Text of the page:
The Yorkeys Knob headland has a natural rocky groyne – and the sweeping tide moving down the beach creates an eddy of water behind it, which captures bait and schools of barramundi, salmon and mangrove jack.
Bordering north and south of Trinity Beach are two large rocky headlands, which are big barramundi and salmon magnets too.
PM: Practice your swing
Swap the rods for clubs and try some of Queensland’s best golf courses – they’re not far from the middle of Cairns and come with added tough cred. You’ll have to keep an eye out for salt-water crocodiles, built as they are right within mangroves and rainforest beside the Pacific Ocean.
Cairns Golf Club is the closest to the CBD, Half Moon Bay Golf Club is built right beside some of Cairns’ best fishing beaches, though if you want a challenge at one of Australia’s top public courses, take on 94 bunkers and six lakes at Paradise Palms, just 20 minutes drive north.
AM: Fish the inlet
Save some of the best fishing till last (and you’ll avoid weekend warriors). Stay for a long weekend and take to Trinity Inlet and its neighbouring flat – a huge tidal estuary that stretches on for a length of 85kms.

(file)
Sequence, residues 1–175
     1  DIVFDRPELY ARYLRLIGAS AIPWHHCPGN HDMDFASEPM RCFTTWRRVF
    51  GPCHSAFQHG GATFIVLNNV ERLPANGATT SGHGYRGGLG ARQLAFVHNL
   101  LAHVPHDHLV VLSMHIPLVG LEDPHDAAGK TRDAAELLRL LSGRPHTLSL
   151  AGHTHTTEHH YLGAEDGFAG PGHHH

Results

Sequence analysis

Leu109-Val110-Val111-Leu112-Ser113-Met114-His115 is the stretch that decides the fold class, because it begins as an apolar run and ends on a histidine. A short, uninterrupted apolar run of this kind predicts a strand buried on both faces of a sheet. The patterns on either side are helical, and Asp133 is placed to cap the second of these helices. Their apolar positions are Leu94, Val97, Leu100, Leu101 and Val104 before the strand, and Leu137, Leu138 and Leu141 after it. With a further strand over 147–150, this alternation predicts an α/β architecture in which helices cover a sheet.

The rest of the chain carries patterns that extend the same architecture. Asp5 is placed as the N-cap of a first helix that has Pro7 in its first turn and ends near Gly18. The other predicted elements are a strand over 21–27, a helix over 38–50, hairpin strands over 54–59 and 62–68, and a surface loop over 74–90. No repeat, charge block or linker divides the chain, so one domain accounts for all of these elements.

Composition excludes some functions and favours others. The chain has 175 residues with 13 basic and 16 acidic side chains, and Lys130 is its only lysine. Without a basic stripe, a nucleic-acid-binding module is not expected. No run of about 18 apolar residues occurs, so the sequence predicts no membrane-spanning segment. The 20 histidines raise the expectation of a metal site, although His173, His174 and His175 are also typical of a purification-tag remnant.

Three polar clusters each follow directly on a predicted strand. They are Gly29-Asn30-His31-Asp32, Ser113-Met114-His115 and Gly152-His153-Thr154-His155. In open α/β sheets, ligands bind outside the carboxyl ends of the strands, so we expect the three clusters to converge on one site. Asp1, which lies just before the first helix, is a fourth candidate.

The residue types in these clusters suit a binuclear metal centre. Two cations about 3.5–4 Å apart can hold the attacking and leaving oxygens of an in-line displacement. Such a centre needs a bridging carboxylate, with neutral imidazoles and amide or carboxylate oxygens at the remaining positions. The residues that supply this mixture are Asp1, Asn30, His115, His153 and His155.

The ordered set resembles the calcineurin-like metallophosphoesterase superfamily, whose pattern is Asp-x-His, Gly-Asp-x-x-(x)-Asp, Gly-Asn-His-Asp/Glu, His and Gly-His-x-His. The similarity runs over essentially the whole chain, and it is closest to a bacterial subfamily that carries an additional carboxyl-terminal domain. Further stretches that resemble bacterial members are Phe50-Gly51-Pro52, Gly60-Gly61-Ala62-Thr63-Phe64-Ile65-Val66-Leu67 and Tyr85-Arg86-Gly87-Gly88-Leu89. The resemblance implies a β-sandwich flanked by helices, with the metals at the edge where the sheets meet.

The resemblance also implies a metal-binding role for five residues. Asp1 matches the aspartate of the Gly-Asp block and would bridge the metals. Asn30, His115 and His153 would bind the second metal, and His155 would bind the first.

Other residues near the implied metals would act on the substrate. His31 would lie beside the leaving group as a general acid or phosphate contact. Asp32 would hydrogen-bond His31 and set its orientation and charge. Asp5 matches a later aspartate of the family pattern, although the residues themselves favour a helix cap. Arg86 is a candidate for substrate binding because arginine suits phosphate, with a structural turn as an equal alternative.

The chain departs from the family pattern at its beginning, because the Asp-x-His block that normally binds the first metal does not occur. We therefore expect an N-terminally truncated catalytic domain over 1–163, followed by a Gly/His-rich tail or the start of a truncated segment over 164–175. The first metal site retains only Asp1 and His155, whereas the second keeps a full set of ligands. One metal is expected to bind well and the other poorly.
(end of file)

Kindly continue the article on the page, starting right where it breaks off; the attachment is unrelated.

This area is a boat fisherman’s absolute dream – there are creeks, drains and snags to fish for everything from golden snapper to grunter to big barra. Launch your vessel just out of Cairns at the Tingara Street/ Smith Street ramp.
There’s a number of options here depending on the weather. When it’s rougher and conditions close to the mouth are no good, fish the mid-to-upper reaches of the inlet. When the wind and weather make conditions closer to the mouth okay, it’s best to fish the creeks and flats closer in as they tend to have the larger fish.
If you get really good weather just head right out the front to an area known as Hospital Flats. These big mud flats hold plenty of bait after some heavy rain and attract a lot of barramundi. If you can’t get yourselves some decent fish along the inlet you’ll feel very hard done by!